Most people like the smell of coffee, whether they drink it or not. This is fortunate for Mitchell Cline, who roasts coffee in his garage in a suburb of Springville, Utah. Cline’s neighbors, most of whom are Mormon and don’t drink coffee, thank Cline for the nutty and chocolaty scent that wafts through their neighborhood almost daily.
Cline has converted his garage into a semi-industrial roasting kitchen, complete with a high-volume gas line and a Diedrich IR-12, the Mercedes Benz of coffee roasters. When Cline finishes roasting each morning, he bags and ships a few pounds then hauls a few pounds more down to a vintage property on Main Street. Cline renovated the place himself. It bears a sign that reads, Hobble Creek Coffee Company, and this is where he sells the best beans this side of Mount Timpanogos, relying on sound science and a keen palate.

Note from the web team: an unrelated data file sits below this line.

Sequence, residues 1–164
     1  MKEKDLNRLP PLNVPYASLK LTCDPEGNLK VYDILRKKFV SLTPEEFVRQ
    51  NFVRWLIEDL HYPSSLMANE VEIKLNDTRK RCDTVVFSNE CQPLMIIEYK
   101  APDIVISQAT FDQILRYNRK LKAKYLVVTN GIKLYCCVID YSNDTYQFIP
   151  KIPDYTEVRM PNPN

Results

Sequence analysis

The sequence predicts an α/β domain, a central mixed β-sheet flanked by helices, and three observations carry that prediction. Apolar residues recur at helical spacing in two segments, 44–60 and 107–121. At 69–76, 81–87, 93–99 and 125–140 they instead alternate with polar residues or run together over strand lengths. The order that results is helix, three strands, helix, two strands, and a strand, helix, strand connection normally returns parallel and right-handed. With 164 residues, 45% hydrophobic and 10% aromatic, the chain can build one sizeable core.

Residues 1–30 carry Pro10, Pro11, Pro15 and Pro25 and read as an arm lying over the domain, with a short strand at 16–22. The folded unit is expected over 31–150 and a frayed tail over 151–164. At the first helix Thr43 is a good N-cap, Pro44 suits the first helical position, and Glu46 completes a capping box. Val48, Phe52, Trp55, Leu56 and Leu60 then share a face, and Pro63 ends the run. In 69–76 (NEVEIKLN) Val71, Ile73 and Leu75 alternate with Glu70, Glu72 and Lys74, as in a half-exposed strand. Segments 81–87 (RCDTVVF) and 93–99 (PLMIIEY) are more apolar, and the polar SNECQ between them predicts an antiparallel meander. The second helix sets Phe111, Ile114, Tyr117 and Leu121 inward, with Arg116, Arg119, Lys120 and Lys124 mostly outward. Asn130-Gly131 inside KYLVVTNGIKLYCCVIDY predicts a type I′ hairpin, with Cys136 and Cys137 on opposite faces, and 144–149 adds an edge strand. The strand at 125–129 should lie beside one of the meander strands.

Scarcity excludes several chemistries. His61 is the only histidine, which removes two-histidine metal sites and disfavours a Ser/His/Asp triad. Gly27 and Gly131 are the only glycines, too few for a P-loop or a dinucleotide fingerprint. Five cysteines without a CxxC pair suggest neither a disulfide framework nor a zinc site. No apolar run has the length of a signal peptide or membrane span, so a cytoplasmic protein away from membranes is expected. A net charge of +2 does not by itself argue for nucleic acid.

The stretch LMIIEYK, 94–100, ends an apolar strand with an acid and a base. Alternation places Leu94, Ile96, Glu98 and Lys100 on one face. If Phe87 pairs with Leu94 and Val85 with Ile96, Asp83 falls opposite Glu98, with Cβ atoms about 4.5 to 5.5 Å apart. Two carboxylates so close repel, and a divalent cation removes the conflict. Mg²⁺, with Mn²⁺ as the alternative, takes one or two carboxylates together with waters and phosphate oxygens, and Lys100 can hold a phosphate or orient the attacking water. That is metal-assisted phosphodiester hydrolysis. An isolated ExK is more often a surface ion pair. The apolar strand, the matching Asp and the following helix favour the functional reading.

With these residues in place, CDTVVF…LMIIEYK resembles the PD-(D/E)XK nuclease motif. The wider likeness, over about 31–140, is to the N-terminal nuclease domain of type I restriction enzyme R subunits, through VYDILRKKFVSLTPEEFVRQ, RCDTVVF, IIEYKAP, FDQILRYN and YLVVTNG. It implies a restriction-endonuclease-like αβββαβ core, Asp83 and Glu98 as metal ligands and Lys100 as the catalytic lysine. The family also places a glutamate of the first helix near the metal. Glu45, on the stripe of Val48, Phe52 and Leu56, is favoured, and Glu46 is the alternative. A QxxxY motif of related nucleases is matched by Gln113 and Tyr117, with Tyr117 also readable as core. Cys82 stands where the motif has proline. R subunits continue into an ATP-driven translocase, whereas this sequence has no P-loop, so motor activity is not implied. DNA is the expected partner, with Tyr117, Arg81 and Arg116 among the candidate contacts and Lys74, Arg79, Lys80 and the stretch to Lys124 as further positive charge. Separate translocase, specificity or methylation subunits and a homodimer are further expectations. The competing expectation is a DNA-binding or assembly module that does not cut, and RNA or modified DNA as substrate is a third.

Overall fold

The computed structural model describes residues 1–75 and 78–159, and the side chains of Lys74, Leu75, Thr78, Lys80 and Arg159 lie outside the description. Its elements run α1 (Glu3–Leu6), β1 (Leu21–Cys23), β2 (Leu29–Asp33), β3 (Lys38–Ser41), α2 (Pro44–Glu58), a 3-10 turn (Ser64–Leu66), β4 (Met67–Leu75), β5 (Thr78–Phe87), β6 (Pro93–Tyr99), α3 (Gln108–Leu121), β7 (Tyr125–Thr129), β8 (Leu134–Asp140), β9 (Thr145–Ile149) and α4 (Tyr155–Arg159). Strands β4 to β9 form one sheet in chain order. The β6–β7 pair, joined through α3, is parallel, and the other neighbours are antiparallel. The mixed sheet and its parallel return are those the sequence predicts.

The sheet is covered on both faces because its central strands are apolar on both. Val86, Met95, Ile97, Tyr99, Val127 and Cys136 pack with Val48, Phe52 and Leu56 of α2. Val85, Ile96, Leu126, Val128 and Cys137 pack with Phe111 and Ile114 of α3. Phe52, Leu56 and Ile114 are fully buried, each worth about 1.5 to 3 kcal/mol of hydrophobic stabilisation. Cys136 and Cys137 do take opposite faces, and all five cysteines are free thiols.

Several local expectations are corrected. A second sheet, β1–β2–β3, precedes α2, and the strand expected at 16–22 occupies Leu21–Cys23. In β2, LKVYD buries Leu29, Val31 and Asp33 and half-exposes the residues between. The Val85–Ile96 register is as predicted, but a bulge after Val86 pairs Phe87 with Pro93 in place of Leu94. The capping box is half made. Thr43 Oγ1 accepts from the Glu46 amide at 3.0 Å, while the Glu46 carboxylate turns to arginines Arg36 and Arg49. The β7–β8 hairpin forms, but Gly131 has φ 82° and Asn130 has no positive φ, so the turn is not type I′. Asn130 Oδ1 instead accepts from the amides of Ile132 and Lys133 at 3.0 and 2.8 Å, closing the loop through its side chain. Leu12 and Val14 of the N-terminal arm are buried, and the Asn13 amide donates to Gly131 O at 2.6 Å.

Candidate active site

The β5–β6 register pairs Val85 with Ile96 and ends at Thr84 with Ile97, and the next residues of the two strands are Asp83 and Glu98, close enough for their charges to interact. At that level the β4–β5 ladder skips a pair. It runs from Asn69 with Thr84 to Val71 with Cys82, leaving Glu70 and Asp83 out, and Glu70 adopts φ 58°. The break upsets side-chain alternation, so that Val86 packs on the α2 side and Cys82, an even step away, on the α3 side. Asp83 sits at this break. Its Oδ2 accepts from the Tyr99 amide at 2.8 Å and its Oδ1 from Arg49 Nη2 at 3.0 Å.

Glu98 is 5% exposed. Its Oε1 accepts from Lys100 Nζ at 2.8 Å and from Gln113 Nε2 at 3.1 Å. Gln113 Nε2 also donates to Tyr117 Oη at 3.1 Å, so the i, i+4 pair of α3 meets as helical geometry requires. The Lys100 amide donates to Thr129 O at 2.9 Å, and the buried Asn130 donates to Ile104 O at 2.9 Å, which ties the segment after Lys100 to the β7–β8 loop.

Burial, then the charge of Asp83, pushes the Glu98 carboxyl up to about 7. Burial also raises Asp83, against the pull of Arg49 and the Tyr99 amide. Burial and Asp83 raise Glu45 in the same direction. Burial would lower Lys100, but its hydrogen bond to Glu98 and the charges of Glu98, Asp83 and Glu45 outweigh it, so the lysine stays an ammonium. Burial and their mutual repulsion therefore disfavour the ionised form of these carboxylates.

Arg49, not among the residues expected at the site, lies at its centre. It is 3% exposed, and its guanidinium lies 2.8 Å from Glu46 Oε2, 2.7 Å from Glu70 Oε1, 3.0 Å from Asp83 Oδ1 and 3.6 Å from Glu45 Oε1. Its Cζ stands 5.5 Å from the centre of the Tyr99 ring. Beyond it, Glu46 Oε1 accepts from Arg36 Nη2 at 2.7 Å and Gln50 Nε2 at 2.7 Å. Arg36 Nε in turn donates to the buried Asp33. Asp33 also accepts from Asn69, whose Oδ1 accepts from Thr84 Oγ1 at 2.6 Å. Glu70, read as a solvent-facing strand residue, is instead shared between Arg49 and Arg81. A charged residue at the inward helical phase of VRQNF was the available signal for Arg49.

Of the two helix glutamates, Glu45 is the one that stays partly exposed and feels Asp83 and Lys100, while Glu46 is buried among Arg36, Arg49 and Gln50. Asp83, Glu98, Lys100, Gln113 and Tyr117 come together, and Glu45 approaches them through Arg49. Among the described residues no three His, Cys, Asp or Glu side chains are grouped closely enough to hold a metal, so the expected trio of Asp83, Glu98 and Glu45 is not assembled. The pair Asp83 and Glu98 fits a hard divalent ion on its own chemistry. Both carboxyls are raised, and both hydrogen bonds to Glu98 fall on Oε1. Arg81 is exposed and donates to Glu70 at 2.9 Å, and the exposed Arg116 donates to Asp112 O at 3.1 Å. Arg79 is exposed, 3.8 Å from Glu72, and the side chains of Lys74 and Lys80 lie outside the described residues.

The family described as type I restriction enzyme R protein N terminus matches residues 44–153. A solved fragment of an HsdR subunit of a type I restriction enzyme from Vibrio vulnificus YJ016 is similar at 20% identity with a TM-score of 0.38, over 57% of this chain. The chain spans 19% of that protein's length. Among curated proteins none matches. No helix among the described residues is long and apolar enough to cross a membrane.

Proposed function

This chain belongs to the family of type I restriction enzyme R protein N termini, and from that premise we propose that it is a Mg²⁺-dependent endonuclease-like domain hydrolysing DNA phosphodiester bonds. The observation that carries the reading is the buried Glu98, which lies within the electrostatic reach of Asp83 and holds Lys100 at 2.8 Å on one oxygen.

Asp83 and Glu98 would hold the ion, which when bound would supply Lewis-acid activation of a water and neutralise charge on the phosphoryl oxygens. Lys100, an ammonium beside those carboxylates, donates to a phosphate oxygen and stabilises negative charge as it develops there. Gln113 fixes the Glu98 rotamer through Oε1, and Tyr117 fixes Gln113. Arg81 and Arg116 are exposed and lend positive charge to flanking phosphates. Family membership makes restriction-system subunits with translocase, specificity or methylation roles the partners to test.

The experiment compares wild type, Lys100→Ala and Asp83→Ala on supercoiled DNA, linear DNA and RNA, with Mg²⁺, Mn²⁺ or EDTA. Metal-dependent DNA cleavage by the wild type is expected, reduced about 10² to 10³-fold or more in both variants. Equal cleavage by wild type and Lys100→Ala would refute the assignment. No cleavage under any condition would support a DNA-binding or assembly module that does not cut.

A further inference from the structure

Cline is the first and only roaster on the Wasatch Front’s southern end. He is keeping with Utah tradition and pioneering his way, determined to provide superb and unique roasts to coffeehouses and restaurants throughout the Mountain West. He even pioneered his way to Utah last year. “I moved here because Google said the economy is good and the people are happy,” Cline explains. He visited the area for a couple days, liked what he saw, and just like that, his family relocated. “We just moved here blindly,” he says.
But Utah Valley, to roast and brew coffee? It didn’t start out that way. Cline’s obsession with coffee and unique approach to roasting has been brewing for years. While studying computer programming as a college student at the University of Arizona, Cline worked as a line cook. When he realized that coding in a cubicle all day would toast his brain, he dropped out and focused on his culinary skills. Before long he was working as a chef. Then he completed culinary school in Sacramento, California.